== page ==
'Louder than a Bomb' teens share poems, life experiences
For the past two weeks, young writers representing more than 90 schools and community organizations throughout the Chicago region have come together to compete at the 12th Annual Louder than a Bomb teen poetry competition.
The program boasts an 85 percent high-school graduation rate, and no incidents of youth violence. It’s presented by Young Chicago Authors, WBEZ, Vocalo and Columbia College Chicago.
The teens’ poems cover a wide range of subjects, including what it’s like to grow up in Englewood and in an Orthodox Jewish family.
You can hear that conversation, and an excerpt of their performances, above.
NOTE: Keith’s poem contains the “N” word.
What Ever You Are
Be a GOOD One
By Keith Warfield
I love exceptions
I’m discriminated against
Because of my hood
I’m a product from my environment
My home, my, hood, produces legends
I’m just an inaccurate statistic
Lingering Southside streets of Chicago
Labeled, everywhere I go
Like I harbor a nametag that reads
“Hi, my name is Englewood
How may I harm you?”
I’m named after my dad
But we don’t have the same middle name
And seeing how my mom raised him
Like she did me,
I could see the similarities
My friends wonder why she never calls me Keith
I don’t know the difference
Between a NIGGA and a NIGGER
I’m pretty sure I’m one of them
My crayola color will never be good enough
To be scribbled in America’s flag
I could only be 2 stars
And have three strikes
There’s an American flag
On the rooftop of Big Sam’s Liquors
Dancing to windy instrumentals
Shredded, hanging on for dear life
I dance, a lot
Half of the time for reason
But I dance
Consciously, and unconsciously sometimes
That’s just what ordinary people do
People who feel obligated to counter argue
Proving wrong deceptive assumptions
Label us Extraordinary
People who paints happiness over struggle
And doesn’t consider it a masquerade
Label us Stage Artist
Label us Legends
Label us Acrobats
As we attempt to limbo
Under horizontal totem poles
Label us, or better yet don’t
A full body post it note that reads
“Minority” to those with authority
Prioritizing on the youth as their highest priority
“Unmalleable” see we only have illiterate minds
so they place us behind bars
in hopes we’d read between the lines
So my 1st Degree was Murder
And I’m 2nd degree burned
Never Mastered my 3rd Degree
Massa no want us no learn
When I do average stuff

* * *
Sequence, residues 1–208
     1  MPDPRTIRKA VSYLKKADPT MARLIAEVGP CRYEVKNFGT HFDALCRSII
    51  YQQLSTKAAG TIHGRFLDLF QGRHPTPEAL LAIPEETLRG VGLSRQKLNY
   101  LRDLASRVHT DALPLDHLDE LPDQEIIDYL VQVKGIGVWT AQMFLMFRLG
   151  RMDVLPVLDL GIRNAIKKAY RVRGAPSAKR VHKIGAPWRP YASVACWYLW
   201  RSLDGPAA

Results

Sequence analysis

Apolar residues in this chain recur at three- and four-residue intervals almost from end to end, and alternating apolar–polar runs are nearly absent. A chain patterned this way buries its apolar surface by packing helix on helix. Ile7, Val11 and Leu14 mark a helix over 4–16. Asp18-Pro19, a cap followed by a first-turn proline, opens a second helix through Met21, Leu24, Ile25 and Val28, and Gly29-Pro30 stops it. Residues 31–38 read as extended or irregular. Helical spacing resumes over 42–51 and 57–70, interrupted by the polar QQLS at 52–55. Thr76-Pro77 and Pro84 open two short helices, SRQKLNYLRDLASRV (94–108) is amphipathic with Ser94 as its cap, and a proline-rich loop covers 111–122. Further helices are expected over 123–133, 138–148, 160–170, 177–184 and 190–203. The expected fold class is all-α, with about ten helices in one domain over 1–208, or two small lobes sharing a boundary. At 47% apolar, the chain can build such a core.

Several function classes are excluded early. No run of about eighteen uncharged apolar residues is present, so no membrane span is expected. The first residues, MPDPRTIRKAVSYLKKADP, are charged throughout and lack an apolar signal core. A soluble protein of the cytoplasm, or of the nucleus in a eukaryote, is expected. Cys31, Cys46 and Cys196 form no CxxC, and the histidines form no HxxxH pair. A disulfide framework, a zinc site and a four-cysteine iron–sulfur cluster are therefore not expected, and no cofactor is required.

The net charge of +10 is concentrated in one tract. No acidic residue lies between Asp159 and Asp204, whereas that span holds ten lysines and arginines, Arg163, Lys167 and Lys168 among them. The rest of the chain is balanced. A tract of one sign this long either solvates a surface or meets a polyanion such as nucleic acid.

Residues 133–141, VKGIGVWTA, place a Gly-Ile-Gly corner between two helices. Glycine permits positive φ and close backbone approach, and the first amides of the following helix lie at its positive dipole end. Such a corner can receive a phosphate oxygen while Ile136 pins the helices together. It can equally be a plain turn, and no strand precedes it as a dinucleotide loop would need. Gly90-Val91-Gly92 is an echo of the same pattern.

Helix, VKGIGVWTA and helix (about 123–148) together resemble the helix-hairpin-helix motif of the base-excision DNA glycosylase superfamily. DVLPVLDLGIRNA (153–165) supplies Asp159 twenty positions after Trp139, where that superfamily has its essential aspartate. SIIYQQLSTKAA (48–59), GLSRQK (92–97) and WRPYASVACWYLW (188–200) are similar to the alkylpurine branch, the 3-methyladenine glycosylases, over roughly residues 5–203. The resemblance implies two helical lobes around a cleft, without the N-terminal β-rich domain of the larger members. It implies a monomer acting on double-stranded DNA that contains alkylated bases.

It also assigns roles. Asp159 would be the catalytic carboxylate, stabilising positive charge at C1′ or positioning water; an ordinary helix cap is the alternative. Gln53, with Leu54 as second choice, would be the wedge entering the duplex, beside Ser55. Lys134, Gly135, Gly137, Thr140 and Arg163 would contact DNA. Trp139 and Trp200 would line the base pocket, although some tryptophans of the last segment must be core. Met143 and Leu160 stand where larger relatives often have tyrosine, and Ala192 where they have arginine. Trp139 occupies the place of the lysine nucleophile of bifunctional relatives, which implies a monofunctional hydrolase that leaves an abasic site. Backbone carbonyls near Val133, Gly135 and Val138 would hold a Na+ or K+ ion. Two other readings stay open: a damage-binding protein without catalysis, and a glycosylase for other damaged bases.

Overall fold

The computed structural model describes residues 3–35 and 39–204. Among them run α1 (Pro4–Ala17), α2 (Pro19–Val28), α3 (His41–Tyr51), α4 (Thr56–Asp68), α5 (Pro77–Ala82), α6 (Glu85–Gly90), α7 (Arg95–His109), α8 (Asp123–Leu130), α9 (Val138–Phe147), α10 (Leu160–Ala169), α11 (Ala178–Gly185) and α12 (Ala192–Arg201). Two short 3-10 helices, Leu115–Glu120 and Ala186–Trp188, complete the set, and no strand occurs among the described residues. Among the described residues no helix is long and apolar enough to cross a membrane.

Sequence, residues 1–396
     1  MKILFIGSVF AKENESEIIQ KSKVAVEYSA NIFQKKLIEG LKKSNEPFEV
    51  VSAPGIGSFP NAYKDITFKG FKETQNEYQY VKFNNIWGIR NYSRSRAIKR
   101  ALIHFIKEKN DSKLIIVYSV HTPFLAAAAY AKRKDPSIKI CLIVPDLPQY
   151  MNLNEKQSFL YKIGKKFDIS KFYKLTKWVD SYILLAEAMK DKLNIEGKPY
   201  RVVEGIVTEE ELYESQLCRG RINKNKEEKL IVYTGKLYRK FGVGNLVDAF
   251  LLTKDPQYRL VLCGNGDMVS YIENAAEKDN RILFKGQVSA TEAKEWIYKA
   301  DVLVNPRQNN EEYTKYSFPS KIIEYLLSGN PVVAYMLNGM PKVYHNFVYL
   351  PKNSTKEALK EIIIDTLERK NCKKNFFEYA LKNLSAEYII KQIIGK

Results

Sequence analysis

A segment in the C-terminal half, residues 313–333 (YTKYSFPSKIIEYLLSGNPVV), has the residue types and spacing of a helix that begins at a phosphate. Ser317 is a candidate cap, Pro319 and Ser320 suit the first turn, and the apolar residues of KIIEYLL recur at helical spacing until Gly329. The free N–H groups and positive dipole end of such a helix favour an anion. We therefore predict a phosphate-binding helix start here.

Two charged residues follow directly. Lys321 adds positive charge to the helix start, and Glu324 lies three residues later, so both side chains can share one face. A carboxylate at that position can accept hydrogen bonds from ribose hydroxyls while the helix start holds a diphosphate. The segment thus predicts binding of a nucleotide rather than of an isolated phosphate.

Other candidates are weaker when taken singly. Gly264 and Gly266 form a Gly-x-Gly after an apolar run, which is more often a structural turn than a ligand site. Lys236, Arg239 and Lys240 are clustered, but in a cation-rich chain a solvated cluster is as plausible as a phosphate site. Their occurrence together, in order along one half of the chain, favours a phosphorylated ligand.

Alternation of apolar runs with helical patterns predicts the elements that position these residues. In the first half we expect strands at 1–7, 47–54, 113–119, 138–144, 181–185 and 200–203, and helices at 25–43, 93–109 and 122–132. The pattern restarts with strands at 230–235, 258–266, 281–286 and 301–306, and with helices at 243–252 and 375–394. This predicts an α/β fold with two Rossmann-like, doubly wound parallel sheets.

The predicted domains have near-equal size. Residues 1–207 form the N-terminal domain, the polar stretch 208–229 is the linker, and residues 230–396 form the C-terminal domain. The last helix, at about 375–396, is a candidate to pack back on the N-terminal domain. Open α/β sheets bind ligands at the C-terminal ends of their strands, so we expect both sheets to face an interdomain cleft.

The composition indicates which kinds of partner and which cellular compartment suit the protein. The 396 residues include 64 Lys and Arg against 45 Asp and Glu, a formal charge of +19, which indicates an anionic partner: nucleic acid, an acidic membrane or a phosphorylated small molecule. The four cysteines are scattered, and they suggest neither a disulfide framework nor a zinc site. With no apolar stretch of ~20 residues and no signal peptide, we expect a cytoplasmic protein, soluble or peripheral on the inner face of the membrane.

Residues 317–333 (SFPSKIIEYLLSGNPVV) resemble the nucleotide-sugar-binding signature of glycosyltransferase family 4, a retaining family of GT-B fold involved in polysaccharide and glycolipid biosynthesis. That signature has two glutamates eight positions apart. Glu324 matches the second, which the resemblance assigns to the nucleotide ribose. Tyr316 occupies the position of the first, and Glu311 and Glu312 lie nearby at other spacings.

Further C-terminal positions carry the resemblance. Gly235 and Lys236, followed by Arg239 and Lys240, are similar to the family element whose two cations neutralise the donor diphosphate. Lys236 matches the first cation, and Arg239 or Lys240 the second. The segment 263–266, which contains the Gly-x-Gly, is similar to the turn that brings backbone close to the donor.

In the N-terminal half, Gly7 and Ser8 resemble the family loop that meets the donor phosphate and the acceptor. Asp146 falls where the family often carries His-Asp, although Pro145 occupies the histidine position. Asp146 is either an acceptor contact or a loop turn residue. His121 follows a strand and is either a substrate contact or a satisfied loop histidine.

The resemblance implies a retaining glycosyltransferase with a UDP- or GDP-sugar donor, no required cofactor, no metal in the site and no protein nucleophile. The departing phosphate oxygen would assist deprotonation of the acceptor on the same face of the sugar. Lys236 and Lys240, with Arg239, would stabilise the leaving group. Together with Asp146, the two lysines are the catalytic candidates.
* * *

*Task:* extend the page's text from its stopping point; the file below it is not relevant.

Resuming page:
I get an abundance of glory
There’s expectations of me so low
That when I do average stuff
I get an abundance of glory
I am the most un-average
Average guy ever met
If you ever have the chance to meet me
The Stage Artist
The Living Legend
The Ordinarily Extraordinary Human I’m pretty sure we’re all of them
I'm not an envelope opener
By Tova Benjamin
God appeared to me when I was very young.
He whispered to me through the mouths of dumpy woman in straw like wigs and sang to me, together with shuckeling men in black hats, and long beards.
God came to me, in the form of my community – a cross-word puzzle of streets where everyone was somehow connected because we all claimed to have a piece of God inside ourselves. I listened to the trees boast this claim, listened to the ants tell me how the leaves fall to the ground to protect their children, and I listened as my teachers looked me the eye and said:
“Chelek Elokie Mimaal Mamesh, you are a literal piece of God above!”
I asked, “How did it get there?”
They said, “He blew it into you, through your nostrils”
I asked, “Is that why Jews have such big noses?”
I still don’t know the answer to that question. But I do know, that it takes a community to keep a child in line, to infuse a love of learning – it take a community to raise a child, and it takes the same community to ruin another but I don’t know anything good that doesn’t cause harm. Because God made this world like my mother makes soup. With too many vegetables - and he sprinkles in salt like my brother, too much. But you can’t take out the extra salt without throwing the soup away too, and my community liked things salty.
In elementary school the nine year old girls would wear men’s style uniform shirts because the woman styles showed off too much of their underdeveloped bodies and Sex-ed wasn’t taught. Boys were only told masturbation is a sin and the girls think that God magically places babies in their bellies after marriage and don’t know what a period is. Until they get theirs, and think they’re dying. When I was young they said “Tova! Respect your body, your body is a precious gem!” So for the high school play they duct taped our chests so our breasts wouldn’t bounce around on stage, I wondered “Is this what God wants?” I pictured him in heaven making cookie cutters, and I saw that my ideas were too big to fit inside.
When I told my teachers I wanted to go to college, they told me that college is wrong and the principal said it’s unnecessary, there are too many outside influences. So I argued with the Rabbi, I said “What if I don’t JUST want to have nine children?”
The Rabbi stroked his long beard and said, “Would you have an envelope opener do anything else, other than open envelopes?”
YES. I would use my envelope opener to open up the packaged potential inside of me and I would use my envelope opener to file my nails and put on my shoes so the backs don’t bend. I would engage in pirate sword fights with my envelope opener, and spread butter on bread.
I would take my envelope opener, thrust it in the ground and draw a circle around it to make a sundial to tell the time, and I would see – that I’ve spent way too long, flattening my hair, so it would fit into God’s cookie cutters.
So I left. I left the crossword-puzzle of streets that I could no longer figure out the answers too, and when I left, I left my envelope opener there too with a note for God. It said, “Hey God? There are other ways to shape cookies.”